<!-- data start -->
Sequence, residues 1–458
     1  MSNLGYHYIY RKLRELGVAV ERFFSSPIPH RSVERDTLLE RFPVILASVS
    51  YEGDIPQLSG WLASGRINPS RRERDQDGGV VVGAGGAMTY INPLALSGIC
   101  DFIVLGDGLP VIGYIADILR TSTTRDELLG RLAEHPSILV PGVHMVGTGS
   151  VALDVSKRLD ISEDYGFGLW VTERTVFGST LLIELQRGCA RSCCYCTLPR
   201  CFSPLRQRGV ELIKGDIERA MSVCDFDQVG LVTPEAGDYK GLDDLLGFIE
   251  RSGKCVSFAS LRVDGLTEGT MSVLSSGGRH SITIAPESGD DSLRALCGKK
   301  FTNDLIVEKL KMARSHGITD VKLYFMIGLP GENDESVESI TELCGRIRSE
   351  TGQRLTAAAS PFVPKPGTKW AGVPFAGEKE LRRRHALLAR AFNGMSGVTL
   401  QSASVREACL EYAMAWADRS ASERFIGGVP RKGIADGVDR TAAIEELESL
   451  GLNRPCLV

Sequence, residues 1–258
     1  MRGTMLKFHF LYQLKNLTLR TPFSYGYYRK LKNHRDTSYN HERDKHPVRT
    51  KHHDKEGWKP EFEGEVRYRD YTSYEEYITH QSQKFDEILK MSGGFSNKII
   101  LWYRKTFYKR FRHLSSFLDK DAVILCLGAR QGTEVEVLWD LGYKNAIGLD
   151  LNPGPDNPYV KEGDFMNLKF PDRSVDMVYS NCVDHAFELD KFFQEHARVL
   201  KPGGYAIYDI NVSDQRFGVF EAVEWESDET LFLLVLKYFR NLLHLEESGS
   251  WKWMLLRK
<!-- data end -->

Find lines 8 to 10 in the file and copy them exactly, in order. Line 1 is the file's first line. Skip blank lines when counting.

   301  FTNDLIVEKL KMARSHGITD VKLYFMIGLP GENDESVESI TELCGRIRSE
   351  TGQRLTAAAS PFVPKPGTKW AGVPFAGEKE LRRRHALLAR AFNGMSGVTL
   401  QSASVREACL EYAMAWADRS ASERFIGGVP RKGIADGVDR TAAIEELESL